Heavy electric trucks part of latest round of Govt’s low emissions fund

In News4 MinutesBy NZ Trucking magazineJuly 9, 2021

Funding for seven heavy electric trucks projects have been included in the latest round of the Government’s Low Emission Vehicles Contestable Fund.

Minister for energy and resources Megan Woods announced 22 successful projects in the latest round, which is also the final round of funding under the initiative.

In total, the 22 projects will receive $6.5m in funding, with the focus investing in heavy transport and the public charging network. Recipients will contribute an additional $12.8m.

Of the seven heavy electric trucks projects, Carr & Haslam received $140,549 in funding to trial a small electric truck delivering single motor vehicles, including light EVs, in central Auckland. It aims to show that vehicle recovery from breakdowns and enforcement is possible using e-trucks in the proposed Zero Emissions Area.

The Christchurch City Council will receive $447,207 for five civil construction and maintenance service companies, which are suppliers to Christchurch City Council, using specialist battery electric trucks to perform their contracted services. It will also receive $419,026 for the Christchurch Shopping District Battery Electric Truck Delivery Services Project.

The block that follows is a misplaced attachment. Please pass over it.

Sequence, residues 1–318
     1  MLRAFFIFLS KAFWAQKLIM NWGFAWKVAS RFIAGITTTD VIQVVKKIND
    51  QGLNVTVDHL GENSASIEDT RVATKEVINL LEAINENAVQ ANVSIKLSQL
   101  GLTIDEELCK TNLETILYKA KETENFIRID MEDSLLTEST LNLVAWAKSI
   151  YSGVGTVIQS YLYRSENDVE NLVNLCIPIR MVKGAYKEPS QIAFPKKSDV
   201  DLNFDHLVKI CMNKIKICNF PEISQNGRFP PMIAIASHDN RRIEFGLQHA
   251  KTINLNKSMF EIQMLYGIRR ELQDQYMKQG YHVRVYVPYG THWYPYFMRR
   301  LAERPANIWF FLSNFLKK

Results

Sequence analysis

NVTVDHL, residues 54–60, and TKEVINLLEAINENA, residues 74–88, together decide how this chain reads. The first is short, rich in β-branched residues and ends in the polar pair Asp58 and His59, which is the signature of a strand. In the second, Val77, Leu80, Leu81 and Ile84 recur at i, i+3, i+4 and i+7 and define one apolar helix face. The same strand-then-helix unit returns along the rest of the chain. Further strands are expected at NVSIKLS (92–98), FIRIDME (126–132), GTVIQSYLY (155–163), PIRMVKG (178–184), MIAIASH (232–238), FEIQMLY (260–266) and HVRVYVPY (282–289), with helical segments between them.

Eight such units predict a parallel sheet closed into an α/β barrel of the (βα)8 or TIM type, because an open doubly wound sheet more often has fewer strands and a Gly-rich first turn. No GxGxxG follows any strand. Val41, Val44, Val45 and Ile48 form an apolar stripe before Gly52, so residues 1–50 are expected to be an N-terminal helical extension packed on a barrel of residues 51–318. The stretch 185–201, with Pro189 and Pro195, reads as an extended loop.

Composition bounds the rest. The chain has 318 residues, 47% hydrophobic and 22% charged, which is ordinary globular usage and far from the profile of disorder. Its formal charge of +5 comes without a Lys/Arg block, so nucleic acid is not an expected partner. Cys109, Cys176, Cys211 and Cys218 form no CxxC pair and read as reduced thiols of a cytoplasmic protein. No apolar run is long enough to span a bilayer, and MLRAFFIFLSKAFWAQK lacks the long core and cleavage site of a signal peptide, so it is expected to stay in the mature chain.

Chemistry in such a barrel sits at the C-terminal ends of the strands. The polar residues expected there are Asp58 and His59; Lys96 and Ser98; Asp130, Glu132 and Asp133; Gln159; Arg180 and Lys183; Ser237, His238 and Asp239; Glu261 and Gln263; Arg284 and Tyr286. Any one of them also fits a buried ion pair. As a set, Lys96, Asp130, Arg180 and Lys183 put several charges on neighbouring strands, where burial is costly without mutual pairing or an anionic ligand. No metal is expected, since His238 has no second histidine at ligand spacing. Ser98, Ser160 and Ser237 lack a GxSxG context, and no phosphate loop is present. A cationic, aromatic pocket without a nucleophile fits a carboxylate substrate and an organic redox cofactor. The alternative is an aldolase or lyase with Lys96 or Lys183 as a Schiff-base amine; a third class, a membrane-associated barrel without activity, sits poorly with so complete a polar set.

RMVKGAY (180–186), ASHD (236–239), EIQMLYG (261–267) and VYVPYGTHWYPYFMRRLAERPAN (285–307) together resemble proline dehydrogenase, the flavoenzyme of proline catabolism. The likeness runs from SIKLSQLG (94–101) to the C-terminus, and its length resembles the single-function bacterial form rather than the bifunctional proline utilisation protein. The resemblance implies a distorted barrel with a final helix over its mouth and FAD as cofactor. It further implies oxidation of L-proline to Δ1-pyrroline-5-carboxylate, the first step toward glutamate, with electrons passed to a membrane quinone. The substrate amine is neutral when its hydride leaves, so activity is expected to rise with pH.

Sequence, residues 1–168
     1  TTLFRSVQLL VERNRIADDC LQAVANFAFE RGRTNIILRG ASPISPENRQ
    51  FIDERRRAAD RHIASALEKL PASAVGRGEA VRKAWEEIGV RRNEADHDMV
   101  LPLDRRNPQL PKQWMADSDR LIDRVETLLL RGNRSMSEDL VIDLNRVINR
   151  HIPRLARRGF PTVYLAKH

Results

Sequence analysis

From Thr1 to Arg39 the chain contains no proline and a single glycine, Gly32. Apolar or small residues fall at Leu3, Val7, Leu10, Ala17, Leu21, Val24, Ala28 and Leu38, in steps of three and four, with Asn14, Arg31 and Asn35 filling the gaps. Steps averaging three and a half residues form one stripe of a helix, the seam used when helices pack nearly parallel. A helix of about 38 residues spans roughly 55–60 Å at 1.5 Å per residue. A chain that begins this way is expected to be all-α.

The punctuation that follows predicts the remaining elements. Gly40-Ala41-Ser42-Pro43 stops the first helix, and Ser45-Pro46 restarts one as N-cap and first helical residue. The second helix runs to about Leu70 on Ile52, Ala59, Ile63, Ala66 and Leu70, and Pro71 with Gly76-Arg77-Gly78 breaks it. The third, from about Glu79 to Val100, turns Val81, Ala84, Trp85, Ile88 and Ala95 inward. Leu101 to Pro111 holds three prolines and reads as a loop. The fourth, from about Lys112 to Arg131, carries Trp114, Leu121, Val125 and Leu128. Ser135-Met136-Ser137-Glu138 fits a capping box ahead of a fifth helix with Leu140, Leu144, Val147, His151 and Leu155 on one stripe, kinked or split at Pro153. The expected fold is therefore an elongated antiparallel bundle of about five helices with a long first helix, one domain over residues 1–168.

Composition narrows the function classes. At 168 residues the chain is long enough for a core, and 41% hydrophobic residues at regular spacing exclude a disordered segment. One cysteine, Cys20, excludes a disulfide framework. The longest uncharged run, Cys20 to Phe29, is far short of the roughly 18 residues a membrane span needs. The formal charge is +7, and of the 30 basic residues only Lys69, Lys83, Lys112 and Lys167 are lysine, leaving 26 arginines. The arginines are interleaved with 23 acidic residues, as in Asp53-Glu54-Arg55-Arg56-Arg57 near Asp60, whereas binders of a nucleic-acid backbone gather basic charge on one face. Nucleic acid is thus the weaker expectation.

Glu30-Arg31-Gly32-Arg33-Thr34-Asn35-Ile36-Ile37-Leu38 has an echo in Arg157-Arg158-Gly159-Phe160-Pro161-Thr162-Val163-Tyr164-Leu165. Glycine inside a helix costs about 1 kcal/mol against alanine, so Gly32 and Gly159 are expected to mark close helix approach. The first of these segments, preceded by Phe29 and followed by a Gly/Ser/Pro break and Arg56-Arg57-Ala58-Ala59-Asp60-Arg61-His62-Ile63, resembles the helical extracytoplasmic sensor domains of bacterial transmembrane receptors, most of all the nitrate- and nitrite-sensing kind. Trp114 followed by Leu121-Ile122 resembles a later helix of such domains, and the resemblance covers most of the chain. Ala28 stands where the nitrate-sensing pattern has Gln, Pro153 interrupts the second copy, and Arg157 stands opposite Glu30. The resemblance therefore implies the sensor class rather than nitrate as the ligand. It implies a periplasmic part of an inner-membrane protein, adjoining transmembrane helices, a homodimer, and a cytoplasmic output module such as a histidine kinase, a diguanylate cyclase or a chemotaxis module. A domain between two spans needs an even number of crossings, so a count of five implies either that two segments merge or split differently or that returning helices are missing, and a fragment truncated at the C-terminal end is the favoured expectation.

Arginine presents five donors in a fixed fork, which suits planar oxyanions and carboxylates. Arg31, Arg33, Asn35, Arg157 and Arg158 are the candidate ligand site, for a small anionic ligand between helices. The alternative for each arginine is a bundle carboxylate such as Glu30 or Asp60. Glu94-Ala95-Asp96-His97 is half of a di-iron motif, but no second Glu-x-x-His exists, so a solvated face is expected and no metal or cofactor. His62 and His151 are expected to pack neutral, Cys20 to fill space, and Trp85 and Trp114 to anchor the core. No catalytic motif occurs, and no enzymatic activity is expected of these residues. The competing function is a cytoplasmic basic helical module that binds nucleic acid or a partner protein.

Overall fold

Fletcher Distribution will receive $218,420 for electric tipper trucks for construction deliveries, while Watercare will receive $500,000 for its Central Interceptor Project. Watercare will work in partnership with its contractors, the Ghella Abergeldie Joint Venture, to purchase three electric trucks.

New Zealand Post will receive $239,948 for an electric Truck for NZ Post Wellington short haul deliveries, while Reliance Transport will receive $500,000 for Project SWITCH, which will see the purchase of two Scania electric trucks to help Reliance become the first fully electrified, carbon-negative on-road freight solution in New Zealand.

“So far, we only have a few dozen electric trucks on the road but innovations like battery swapping stations for e-trucks will save valuable time for truckies,” Woods said.

“It will mean they’ll be able to quickly swap in a fully charged battery to continue their journey, leaving the old battery for recharging later and at off-peak times when electricity is cheaper,” she said.

“This is exactly the kind of innovation the Low Emission Vehicles Contestable Fund is here for, to address barriers that may be in the way of faster low-emissions transport uptake.

“The technology is advancing at pace, and I’m confident the e-truck project will demonstrate the potential for further electrification of the heavy fleet.”

Woods noted that these projects come from the final round of the LEVCF in its present form, as the Government will progressively increase the size and scope of the LEVCF to $25 million per year by 2023/24.

“Expanding the scope of the fund will not only further help us tackle transport’s climate impact, it will also encourage more growth in the low-emissions technology sector,” she said.

The fund will be renamed the Low Emissions Transport Fund, with further details to be announced by October.